The plot of the book was engaging and had me wanting to turn the page to find out what happens next, who can be trusted, what kinds of twists and turns were going to happen, and oh. The humor. Yeah, there was that, too. It followed three main characters: Edward, Jane, and Gifford (call him G!) and each chapter was in the point of view of one respectively. I thought this was a great move because it allowed us to have different perspectives and takes as to what was going on in their surroundings and how each person would react in those situations. It started off with a few common problems that needed to be fixed, to betrayal being had, to a forced wedding, more betrayal, and so on.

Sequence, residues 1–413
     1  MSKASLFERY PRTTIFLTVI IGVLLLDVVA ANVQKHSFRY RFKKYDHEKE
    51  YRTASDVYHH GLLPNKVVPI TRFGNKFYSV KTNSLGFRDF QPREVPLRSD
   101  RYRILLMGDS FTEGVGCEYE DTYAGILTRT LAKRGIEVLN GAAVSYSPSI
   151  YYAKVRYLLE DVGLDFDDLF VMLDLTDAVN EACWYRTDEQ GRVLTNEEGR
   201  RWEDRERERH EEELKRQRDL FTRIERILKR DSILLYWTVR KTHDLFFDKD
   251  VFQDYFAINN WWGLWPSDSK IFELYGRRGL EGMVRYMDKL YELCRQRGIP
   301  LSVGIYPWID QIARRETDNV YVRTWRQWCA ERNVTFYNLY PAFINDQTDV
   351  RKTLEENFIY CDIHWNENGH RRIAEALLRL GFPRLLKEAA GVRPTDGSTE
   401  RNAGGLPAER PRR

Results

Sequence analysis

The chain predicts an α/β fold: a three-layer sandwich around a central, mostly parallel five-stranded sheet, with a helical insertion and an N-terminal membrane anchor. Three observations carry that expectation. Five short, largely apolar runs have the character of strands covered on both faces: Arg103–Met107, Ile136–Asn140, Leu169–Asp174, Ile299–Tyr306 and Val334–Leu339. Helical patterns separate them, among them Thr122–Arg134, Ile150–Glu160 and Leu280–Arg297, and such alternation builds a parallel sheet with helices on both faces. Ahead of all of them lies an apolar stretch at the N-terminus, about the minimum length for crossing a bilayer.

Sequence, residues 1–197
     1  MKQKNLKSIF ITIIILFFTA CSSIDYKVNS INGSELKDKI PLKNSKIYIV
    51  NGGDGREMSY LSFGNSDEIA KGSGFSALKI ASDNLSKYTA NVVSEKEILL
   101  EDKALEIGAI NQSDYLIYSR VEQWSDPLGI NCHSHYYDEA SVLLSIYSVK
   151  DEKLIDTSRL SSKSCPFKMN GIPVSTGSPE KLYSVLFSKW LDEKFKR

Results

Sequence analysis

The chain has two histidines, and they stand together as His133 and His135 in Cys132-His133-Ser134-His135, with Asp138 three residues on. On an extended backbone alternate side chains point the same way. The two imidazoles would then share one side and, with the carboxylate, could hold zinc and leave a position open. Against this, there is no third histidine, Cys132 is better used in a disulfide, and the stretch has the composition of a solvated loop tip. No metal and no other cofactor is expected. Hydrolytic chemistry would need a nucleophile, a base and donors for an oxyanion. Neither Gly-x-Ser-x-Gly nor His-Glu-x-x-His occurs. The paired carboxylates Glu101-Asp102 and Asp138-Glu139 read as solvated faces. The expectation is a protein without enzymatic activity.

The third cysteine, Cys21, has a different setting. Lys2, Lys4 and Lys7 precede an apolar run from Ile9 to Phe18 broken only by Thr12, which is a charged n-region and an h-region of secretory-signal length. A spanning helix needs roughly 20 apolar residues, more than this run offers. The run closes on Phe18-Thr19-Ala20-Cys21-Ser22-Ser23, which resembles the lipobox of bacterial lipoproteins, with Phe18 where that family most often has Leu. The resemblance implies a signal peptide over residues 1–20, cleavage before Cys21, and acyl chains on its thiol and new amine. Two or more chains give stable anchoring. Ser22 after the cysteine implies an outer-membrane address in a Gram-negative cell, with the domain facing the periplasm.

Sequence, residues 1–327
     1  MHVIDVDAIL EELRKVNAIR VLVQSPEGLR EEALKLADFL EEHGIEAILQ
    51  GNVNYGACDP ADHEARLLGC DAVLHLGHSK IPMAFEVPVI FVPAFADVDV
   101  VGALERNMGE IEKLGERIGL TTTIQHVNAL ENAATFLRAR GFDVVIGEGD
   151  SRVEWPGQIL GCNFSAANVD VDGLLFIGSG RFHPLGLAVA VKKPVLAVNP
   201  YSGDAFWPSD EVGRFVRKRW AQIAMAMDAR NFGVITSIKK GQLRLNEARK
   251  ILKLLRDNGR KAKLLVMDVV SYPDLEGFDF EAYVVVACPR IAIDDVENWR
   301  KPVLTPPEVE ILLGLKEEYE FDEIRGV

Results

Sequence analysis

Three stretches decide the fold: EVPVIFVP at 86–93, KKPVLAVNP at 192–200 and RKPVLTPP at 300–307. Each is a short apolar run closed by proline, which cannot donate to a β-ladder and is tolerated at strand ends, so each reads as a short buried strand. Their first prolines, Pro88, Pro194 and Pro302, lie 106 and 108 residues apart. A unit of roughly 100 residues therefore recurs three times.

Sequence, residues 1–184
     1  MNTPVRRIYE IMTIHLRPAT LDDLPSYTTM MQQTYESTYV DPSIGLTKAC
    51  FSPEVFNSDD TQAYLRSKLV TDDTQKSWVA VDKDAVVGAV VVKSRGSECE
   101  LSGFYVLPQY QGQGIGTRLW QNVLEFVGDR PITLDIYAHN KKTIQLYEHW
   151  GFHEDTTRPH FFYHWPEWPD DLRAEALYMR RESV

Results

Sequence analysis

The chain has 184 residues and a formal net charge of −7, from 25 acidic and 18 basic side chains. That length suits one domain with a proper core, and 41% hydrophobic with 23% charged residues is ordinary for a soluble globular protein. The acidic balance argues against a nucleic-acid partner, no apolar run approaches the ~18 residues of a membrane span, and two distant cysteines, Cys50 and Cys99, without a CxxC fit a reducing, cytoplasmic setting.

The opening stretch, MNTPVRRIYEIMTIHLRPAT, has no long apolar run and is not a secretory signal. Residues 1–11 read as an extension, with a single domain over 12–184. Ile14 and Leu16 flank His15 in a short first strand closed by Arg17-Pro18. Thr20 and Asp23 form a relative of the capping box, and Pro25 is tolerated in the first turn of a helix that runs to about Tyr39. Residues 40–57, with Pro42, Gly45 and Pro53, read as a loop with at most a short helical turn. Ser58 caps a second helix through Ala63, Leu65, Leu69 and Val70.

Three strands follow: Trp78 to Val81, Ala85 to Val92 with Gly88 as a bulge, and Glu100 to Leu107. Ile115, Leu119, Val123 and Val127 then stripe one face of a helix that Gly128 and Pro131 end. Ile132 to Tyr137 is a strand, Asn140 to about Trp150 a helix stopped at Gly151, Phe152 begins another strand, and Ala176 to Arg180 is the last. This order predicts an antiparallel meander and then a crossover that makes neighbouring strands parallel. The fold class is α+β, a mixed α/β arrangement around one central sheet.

Edward – or rather, King Edward VI – is a sixteen year old boy-king who doesn’t really rule the country; he lets his advisors do it for him, signing what needs to be signed when he’s told about the changes and such. He hasn’t really come into his own at the beginning and I thought that was interesting and a bit of a refresher because I’m so used to reading about princes and kings that are stuffy and cautious and all of that. Edward was kind of a hot mess, and I appreciated that. He has the worst sense of timing and direction, easily offends the ladies (without meaning to), and he is kind of a whiner. But as the book progresses into the second half, he starts to become much more open minded and accepting of a lot of things and he becomes stronger as a result of the people and circumstances around him. I was actually quite impressed with him at the end.